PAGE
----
He goes on to talk about the impact of the Lac-Mégantic tragedy, where “regulations limiting the length of oil trains; mandating crude oil be transported in upgraded tank cars; classification of crude oil as a dangerous good” were ignored by industry, because the industry lobbied the government and “it also helped to reinforce the government’s message of regulation as a cost of business rather than an essential tool to protect the public.”
We have examples. We have history. Any government should pay attention to that history if your true goal is to support businesses and find that balance in protecting the public interest, which is what we are elected to do, Mr. Speaker. Schedule 4 cannot be supported by New Democrats and thus we cannot support Bill 154. Thank you. Shame, and shame on—
Ms. Lisa M. Thompson: I’m pleased to add my voice to the debate today on Bill 154, which is all about reducing red tape, which gives me an opportunity to reflect on real-life examples coming out of my amazing riding of Huron–Bruce. We’re going to be touching on the government’s approach to reducing red tape and the realities of the burden that this government has also laid on people throughout this province with their incessant abundance of red tape that has happened over the last 14 years.
With that said, all of us here know the merits of reducing excessive and unnecessary regulations, Speaker. It helps make businesses run more efficiently and allows them to focus on the task at hand, instead of jumping through unnecessary hoops to get started or to keep manoeuvring so that their business can be handed down from generation to generation.
Successfully reducing red tape can give our businesses an edge, allow them to take advantage of new market opportunities, and grow. But I have to share with you that over the last 14 years this government seemingly has done everything in its power to inhibit growth for new business. An example that I want to share is that, stemming from my riding, stemming from Walkerton, we have a great business. It’s a stainless steel manufacturer, and they have a client base that is second to none. They’re very proud of the fact that their client base is primarily due to their success and word of mouth from customer to customer. To move the product from Walkerton down to Port Huron so it could continue travelling through the States to its final customer, this particular company had to wait six months for the Ministry of Transportation to approve and process the paperwork for an oversized load. Again, it was travelling just from Walkerton down to Port Huron. Guess how long it took for three states to generate that same amount of paperwork? It only took 10 business days. Think about it: six months in Ontario; 10 business days collectively in three states south of the border.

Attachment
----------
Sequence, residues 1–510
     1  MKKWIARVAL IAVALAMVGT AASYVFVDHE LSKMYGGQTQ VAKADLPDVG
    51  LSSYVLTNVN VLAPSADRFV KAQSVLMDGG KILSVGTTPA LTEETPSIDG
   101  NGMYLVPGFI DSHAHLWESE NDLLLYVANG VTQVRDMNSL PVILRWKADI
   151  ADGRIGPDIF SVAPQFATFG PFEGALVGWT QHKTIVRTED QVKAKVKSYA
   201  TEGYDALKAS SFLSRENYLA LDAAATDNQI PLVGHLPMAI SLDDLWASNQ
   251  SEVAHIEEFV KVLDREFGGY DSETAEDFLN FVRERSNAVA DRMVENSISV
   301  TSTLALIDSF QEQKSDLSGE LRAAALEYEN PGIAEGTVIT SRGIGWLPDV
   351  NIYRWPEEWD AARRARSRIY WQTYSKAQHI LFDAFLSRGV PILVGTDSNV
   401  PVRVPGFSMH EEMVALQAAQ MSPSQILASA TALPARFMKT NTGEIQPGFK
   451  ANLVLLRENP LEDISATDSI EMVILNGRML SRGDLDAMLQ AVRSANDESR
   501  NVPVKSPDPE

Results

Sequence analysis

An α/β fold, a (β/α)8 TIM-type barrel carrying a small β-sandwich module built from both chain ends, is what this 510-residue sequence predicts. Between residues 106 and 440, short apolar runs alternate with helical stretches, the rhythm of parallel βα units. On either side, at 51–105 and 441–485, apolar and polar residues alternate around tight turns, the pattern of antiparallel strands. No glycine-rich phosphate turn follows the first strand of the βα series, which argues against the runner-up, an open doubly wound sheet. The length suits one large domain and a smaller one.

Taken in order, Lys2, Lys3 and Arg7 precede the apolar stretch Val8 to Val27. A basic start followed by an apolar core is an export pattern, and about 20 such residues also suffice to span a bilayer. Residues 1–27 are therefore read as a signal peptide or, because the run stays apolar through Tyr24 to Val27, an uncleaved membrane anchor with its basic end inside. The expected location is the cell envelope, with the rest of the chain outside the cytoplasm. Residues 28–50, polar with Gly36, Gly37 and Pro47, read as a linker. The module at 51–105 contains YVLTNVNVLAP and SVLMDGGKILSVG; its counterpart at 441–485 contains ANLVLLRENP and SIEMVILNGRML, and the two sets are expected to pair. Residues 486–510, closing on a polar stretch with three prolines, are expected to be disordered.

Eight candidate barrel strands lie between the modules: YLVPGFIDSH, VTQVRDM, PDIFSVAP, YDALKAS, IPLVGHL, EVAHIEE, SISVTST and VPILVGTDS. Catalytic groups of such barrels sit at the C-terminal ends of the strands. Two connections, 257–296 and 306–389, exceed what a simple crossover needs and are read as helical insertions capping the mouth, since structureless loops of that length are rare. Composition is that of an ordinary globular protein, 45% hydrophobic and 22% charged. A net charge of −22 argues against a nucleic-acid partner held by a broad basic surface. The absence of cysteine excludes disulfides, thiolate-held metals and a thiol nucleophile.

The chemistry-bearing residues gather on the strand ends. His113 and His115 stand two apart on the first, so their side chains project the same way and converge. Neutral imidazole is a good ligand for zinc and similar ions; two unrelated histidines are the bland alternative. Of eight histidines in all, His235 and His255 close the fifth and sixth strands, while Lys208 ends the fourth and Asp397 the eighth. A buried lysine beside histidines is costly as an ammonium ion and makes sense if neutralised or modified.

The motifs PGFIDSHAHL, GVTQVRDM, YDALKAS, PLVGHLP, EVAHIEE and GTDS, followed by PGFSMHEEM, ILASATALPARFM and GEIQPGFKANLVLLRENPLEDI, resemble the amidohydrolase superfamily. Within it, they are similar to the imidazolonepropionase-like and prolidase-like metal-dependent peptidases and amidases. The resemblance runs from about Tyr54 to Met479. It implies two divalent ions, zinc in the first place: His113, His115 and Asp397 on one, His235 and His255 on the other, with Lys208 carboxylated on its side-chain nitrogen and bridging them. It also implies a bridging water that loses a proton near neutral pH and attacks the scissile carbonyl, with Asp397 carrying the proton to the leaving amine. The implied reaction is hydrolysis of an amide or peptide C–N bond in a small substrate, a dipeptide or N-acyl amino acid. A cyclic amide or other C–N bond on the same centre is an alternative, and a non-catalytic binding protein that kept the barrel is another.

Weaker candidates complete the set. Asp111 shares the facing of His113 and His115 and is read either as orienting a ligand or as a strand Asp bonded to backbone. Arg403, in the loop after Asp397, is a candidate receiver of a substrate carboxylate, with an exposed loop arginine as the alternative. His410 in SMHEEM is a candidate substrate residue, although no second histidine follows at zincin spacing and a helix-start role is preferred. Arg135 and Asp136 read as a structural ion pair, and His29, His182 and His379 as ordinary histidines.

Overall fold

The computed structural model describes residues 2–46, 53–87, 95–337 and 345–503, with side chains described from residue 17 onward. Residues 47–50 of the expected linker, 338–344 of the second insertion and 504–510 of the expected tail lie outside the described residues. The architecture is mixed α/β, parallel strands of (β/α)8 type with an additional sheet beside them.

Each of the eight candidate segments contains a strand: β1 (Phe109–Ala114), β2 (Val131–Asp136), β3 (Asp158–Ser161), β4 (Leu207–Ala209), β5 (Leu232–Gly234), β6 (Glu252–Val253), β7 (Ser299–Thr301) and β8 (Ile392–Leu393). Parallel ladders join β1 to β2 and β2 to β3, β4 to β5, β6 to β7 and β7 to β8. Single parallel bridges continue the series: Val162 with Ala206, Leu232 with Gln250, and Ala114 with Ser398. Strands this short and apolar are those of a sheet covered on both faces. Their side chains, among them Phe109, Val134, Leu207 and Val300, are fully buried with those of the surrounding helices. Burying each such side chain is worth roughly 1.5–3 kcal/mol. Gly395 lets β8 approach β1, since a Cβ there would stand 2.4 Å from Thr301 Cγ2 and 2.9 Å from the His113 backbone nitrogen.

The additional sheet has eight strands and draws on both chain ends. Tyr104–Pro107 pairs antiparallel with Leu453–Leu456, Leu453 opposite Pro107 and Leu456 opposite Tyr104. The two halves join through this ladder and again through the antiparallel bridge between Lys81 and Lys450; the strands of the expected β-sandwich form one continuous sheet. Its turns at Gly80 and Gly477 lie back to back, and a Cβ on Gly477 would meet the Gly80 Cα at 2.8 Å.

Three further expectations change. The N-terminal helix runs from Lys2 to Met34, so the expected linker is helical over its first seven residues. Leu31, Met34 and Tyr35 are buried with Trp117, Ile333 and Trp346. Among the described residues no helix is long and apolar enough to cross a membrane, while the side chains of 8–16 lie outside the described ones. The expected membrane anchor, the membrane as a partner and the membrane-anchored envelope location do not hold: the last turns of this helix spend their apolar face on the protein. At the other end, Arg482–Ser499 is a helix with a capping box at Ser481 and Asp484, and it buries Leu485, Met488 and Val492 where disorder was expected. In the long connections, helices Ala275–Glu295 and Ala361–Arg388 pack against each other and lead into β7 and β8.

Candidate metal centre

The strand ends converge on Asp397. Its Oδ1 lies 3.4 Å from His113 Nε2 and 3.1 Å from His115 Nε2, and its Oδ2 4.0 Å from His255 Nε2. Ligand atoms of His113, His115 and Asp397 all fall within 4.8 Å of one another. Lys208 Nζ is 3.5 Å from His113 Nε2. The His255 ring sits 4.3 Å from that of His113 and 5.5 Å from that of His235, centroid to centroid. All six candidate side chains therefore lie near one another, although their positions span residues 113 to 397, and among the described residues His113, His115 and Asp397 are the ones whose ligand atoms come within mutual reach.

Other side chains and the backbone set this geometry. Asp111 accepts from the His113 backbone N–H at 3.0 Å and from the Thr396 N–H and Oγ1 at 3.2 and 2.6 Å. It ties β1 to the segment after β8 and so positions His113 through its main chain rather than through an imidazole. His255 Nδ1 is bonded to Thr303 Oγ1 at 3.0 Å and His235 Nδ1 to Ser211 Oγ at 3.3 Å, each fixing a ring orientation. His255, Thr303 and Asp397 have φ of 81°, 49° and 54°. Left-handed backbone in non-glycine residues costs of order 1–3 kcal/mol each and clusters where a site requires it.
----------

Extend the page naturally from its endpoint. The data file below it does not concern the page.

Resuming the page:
There is something wrong with the excessive amount of paperwork and regulation, and it affects customer satisfaction. So the next time a customer makes an order, will they take into consideration the delays that this government chooses to put on our businesses? It’s a concrete example of how red tape is putting Ontario’s competitiveness and jobs at risk.
In fact, regarding this bill, the Minister of International Trade told the House: “We know that working to reduce outdated, unnecessary regulations is very important to helping businesses so that they can focus on growing their business and also growing our economy.”
So, Speaker, it’s safe to say that we can agree on both sides of the aisle that reducing red tape will help our businesses, but as always with this government, we’re wanting a little less talk and a lot more action when it actually comes to reducing red tape. This government has been proudly touting that this bill will save between $6.3 million and $8.9 million for businesses across Ontario. On the surface, that looks great, but in 2014, the Canadian Federation of Independent Business estimated that the total cost of regulation in this province is $14.7 billion. Maybe this government should be giving its head a shake a little bit. They are sitting there proudly saying that we in opposition should have expedited this bill because the Liberals have managed to find a way to eliminate a paltry 0.06% of regulatory burden in this province. Again, the government is needing to step up, and we want to see a lot less talk and much more action because the reality is, Speaker, there are still over 380,000 rules and regulations on the books.
I want to share another anecdote with you. When I was general manager of a dairy goat co-operative, in 2009 I attended a commodity meeting in Bruce county where the then-member said—and she was a member of the Liberal government—“For every one regulation we introduce, nine regulations will be taken off the books.” I have to say, Speaker, I don’t think that’s happening. It’s time for this government to walk its talk and really reduce red tape in a meaningful way, and get out of the way of business.
Burden reduction is desperately needed, and the government picked the absolutely lowest-hanging fruit. That’s all they did. They basically picked one apple off the ground and went on to tell and brag that they picked the entire apple tree. Well, Speaker, we know better.
Everyone in this House, as I said before, can agree that reducing excessive red tape is necessary and good for our economy. For instance, the Minister of International Trade also acknowledged that red tape reduction allows businesses to focus on their growth. In fact, his ministry spends over $60 million per year trying to help businesses grow, expand and attract investment to Ontario. So it baffles me, Speaker, that this government treats about one twentieth of a percentage point of saved administrative costs as a major success. Again, they barely move the dial and then they talk that they have just done such a great job, when in actual fact our Ontario businesses are no further ahead under this Liberal government.